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The Weierstrass approximation theorem says any continuous function $f(x): [0,1] \to \mathbb{R}$ can be approximated uniformly by polynomials. Given any $\epsilon$, we can find $p(x) = x^n + \dots $ such that:

$$ |f(x) - p(x)| < \epsilon $$

is always true. In practice how to do we find $p$? Let's say $f(x)$ was the step function:

$$ f(x) = \left\{ \begin{array}{cc} 0 & x \leq 0 \\ 1 & x > 0\end{array} \right. $$

How do we find the polynomial with $\deg p = 100$ which minimizes the tolerance $\epsilon$ ?

$$ \epsilon = \min_{\deg p = 10^2}\left[\max_{x \in [0,1]} | f(x) - p(x) | \right]$$

Hopefully I have defined a tractable problem... For example, does Lagrange Interpolation necessarily minimize $\epsilon$ ?

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  • $\begingroup$ You chose a poor example -- the theorem states that this is possible for continuous functions, but you chose a discontinuous function. $\endgroup$ – Wolfgang Bangerth Dec 28 '15 at 20:06
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This problem is generally called the Minimax Problem. Unfortunately the step function is not continuous and therefore the Weierstrass approximation theorem does not apply. Any continuous approximation will have $\epsilon \ge 0.5$ since there is a jump of size 1 so the best you can do at that point is split the difference. In fact, $y = 1/2$ is as good as you can do for this problem due to the discontinuity although there are many higher order polynomials that fit better in other norms and just as well in the infinity norm that defines the minimax problem.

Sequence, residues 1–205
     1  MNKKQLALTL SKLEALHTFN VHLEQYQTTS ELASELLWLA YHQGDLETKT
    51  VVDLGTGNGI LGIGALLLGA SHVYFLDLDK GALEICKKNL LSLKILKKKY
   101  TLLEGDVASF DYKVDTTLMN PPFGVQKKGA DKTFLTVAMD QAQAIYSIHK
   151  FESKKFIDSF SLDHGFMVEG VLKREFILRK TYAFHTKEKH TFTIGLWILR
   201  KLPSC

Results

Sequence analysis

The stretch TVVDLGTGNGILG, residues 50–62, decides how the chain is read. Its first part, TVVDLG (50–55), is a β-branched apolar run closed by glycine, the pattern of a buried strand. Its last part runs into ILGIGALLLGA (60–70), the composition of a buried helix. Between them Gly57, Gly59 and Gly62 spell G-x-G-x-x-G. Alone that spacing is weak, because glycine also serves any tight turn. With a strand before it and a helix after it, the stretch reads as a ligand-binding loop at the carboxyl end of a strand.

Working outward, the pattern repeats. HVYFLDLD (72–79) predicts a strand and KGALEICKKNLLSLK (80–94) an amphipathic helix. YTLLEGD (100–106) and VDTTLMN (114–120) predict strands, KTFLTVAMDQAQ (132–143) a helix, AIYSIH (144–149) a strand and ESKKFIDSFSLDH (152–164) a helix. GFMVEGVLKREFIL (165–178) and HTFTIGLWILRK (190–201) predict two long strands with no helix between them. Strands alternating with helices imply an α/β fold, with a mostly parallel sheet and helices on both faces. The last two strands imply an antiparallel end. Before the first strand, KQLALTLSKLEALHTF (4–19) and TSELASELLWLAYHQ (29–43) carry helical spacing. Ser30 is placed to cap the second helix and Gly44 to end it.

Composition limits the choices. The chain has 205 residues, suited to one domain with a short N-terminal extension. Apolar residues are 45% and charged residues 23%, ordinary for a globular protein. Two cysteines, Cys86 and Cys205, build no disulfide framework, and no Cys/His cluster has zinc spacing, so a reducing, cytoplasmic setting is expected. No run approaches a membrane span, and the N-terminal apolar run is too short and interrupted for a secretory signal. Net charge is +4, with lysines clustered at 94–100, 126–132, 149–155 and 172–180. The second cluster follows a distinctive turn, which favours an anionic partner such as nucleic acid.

For continuous functions Chebyshev polynomials are a good approximation to the minimax solution. There is also a commonly used iterative algorithm call the Remez algorithm which approximately solves the minimax problem. The Remez algorithm leverages the equioscillation theorem which (to paraphrase) says that the polynomial of degree less than or equal to $n$ which has $n+2$ oscillations which are equally above or below the function (i.e. $f(x)\pm C$) on the desired interval is the one which solves the minimax problem for all polynomials of degree less than or equal to $n$. The Remez algorithm iteratively adjusts the coefficients of a polynomial to (approximately) achieve an equioscillating approximation function which is the solution to the minimax problem.

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